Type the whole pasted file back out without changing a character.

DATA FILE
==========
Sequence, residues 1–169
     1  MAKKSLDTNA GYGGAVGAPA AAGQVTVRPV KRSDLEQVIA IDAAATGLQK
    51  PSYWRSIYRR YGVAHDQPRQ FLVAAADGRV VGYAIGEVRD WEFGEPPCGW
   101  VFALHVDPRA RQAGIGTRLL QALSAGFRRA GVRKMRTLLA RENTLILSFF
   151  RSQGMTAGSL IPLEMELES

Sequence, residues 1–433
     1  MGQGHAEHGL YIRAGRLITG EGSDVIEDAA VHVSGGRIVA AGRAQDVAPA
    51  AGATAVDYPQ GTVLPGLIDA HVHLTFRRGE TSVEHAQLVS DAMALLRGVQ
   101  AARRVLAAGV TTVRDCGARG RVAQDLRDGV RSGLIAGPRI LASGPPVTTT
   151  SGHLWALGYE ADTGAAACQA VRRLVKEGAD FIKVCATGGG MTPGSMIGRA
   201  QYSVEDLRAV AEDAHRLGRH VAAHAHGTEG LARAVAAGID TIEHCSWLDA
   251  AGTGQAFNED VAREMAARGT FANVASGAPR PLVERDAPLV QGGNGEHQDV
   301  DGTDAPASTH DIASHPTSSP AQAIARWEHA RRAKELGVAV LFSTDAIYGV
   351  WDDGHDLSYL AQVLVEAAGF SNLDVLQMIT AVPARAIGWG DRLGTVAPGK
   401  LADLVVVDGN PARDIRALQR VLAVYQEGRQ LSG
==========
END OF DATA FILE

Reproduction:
Sequence, residues 1–169
     1  MAKKSLDTNA GYGGAVGAPA AAGQVTVRPV KRSDLEQVIA IDAAATGLQK
    51  PSYWRSIYRR YGVAHDQPRQ FLVAAADGRV VGYAIGEVRD WEFGEPPCGW
   101  VFALHVDPRA RQAGIGTRLL QALSAGFRRA GVRKMRTLLA RENTLILSFF
   151  RSQGMTAGSL IPLEMELES

Sequence, residues 1–433
     1  MGQGHAEHGL YIRAGRLITG EGSDVIEDAA VHVSGGRIVA AGRAQDVAPA
    51  AGATAVDYPQ GTVLPGLIDA HVHLTFRRGE TSVEHAQLVS DAMALLRGVQ
   101  AARRVLAAGV TTVRDCGARG RVAQDLRDGV RSGLIAGPRI LASGPPVTTT
   151  SGHLWALGYE ADTGAAACQA VRRLVKEGAD FIKVCATGGG MTPGSMIGRA
   201  QYSVEDLRAV AEDAHRLGRH VAAHAHGTEG LARAVAAGID TIEHCSWLDA
   251  AGTGQAFNED VAREMAARGT FANVASGAPR PLVERDAPLV QGGNGEHQDV
   301  DGTDAPASTH DIASHPTSSP AQAIARWEHA RRAKELGVAV LFSTDAIYGV
   351  WDDGHDLSYL AQVLVEAAGF SNLDVLQMIT AVPARAIGWG DRLGTVAPGK
   401  LADLVVVDGN PARDIRALQR VLAVYQEGRQ LSG